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Holidays and aging family members - if you see something, do something

As we celebrate our holidays (or don't) -- maybe surrounded by our aging parents (or maybe not) -- let's give some thought to how older people connect with others, stay safe and well, and keep on contributing to the world around them. Here are five reminders about care about our older relatives, things we can all initiate, that have some technology elements. This advice is, of course, easier to give than it is to follow. And the technology is insufficient without the involvement of people.  But take a  look and observe older family members and think -- is there a way to enhance quality of life?

1. If they are at risk of falling, mitigateYou see an older relative walking shakily with a cane or a walker, standing up with great difficulty, or holding onto chairs or rails while they walk. If your relative is alert and still gets out and about, does she own a cell phone in her pocket? Is he taking his medications at the right time and dose?  Does she stay close to home and therefore has a PERS pendant or wearable fall detection device?  Does it look like a fall risk assessment is appropriate?  If not now, when?

2. If they are isolated, connect themIf you know an older person who is frail and generally isolated, do they have a companion to come and visit? If not can you locate one? Can a video phone be put in their home so that you or other long-distance relatives can call them? We know that access to the Internet can cut depression risk. If they are willing, can a computer with a touch screen and camera be set up with easy to run software? If they are hard of hearing, can they benefit from a hearing-amplified phone? If they are vision-limited, can they benefit from magnifying technology or screen reader (even for a BlackBerry!)?

3. If they want to learn new things, show them. From video games to Wii Bowling, life can be a lot more fun for older people who are trying new games, tools, Internet surfing, and online chatting with friends and family.  Can baby boomers afford to help out with the cost of some of these tools? Maybe siblings and other family members can get together and share the cost.  Don't forget the Kindle and its many competitors (each lower cost than the next) -- for making reading cheaper (per book) and more accessible to older people. And if they want to keep working in retirement, help make it happen -- they will be healthier.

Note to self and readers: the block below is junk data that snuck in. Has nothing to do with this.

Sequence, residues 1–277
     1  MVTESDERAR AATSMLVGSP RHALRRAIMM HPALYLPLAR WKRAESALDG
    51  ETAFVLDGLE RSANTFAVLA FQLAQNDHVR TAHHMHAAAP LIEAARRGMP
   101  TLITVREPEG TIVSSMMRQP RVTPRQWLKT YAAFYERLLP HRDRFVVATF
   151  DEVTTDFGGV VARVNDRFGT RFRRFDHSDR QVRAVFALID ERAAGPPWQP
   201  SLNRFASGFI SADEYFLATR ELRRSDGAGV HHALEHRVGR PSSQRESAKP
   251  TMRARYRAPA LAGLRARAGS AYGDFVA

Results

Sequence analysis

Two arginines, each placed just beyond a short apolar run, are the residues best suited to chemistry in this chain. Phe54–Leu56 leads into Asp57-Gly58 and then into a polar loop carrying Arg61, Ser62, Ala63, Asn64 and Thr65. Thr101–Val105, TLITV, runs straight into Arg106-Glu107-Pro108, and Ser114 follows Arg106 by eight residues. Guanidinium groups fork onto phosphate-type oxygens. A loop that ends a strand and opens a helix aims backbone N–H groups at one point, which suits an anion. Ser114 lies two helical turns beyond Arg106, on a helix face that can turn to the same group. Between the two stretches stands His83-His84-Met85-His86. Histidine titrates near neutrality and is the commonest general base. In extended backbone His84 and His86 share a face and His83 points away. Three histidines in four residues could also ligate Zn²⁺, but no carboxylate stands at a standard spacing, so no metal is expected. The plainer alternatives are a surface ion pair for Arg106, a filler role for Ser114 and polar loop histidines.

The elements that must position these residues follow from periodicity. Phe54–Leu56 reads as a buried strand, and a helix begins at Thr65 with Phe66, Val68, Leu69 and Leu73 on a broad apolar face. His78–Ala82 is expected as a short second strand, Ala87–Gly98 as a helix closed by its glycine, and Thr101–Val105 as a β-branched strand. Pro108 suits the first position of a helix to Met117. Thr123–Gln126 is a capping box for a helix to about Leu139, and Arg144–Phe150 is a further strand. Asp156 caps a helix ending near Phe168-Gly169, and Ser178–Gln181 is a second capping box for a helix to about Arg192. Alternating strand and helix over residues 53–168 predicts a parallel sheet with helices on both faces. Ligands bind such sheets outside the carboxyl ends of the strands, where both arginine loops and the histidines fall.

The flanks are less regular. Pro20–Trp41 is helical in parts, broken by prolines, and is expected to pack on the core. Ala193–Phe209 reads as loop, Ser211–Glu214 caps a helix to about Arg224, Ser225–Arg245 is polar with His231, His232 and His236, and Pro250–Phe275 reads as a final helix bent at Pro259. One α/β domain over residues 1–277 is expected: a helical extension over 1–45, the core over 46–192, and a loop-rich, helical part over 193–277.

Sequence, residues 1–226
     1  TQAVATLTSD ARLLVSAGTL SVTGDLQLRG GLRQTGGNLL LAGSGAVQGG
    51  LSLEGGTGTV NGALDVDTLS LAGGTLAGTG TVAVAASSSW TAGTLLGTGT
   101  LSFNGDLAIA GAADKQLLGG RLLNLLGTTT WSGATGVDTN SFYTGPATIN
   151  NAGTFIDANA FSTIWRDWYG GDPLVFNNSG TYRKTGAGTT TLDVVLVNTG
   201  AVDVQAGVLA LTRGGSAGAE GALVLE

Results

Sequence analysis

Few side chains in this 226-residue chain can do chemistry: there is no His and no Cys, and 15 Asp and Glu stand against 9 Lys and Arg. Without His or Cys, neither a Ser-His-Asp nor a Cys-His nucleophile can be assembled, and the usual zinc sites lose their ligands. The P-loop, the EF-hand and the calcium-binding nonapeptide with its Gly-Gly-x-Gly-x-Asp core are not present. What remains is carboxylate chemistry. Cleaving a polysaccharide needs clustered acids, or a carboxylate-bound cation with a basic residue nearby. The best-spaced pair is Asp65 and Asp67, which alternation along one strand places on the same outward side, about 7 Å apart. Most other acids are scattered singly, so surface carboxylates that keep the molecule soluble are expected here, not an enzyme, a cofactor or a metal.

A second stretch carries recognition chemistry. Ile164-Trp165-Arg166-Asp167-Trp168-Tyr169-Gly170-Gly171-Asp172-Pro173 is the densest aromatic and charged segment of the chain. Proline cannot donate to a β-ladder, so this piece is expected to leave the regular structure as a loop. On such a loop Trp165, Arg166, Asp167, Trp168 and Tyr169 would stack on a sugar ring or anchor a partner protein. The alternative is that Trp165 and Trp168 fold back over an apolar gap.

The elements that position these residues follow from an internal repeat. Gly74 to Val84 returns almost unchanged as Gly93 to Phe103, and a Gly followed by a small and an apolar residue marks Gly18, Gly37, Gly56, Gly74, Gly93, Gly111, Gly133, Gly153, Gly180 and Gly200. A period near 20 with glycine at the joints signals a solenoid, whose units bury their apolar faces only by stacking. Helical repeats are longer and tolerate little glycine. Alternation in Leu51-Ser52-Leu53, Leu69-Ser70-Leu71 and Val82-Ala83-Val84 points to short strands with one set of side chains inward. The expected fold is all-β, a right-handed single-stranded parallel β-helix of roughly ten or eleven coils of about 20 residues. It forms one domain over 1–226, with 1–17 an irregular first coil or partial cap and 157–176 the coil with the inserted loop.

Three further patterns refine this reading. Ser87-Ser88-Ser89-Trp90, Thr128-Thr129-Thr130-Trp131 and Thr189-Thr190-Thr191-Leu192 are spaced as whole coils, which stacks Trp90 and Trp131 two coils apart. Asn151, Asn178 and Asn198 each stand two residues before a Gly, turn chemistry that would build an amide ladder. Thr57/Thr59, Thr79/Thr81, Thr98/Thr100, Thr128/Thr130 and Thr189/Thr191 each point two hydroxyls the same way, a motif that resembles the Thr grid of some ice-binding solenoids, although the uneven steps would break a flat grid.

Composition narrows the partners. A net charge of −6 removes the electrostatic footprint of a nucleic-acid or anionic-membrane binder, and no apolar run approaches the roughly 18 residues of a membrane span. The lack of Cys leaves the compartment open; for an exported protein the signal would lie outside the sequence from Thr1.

4. If they are driving, help them drive and safelyThere is a lot of hype out there about older drivers and preserving and enhancing skills -- NPR did a nearly endless segment on it the other day. In addition, check out the DriveSmart program and this technology from Mobileye -- reminding drivers who veer from their lane.

5. If they have dementia, find the music, memories, and safetyIt has been studied and proven that music therapy works wonders on people with Alzheimer's -- now there is a program to load iPods with customized music lists from a person's own life period and memories. Even if you don't participate in the IMNF program, find a way to bring more music into the home of a person with dementia. Locate and give tracking technologies, including GPS and cellular tracking phones,  to help keep that person safer living at home.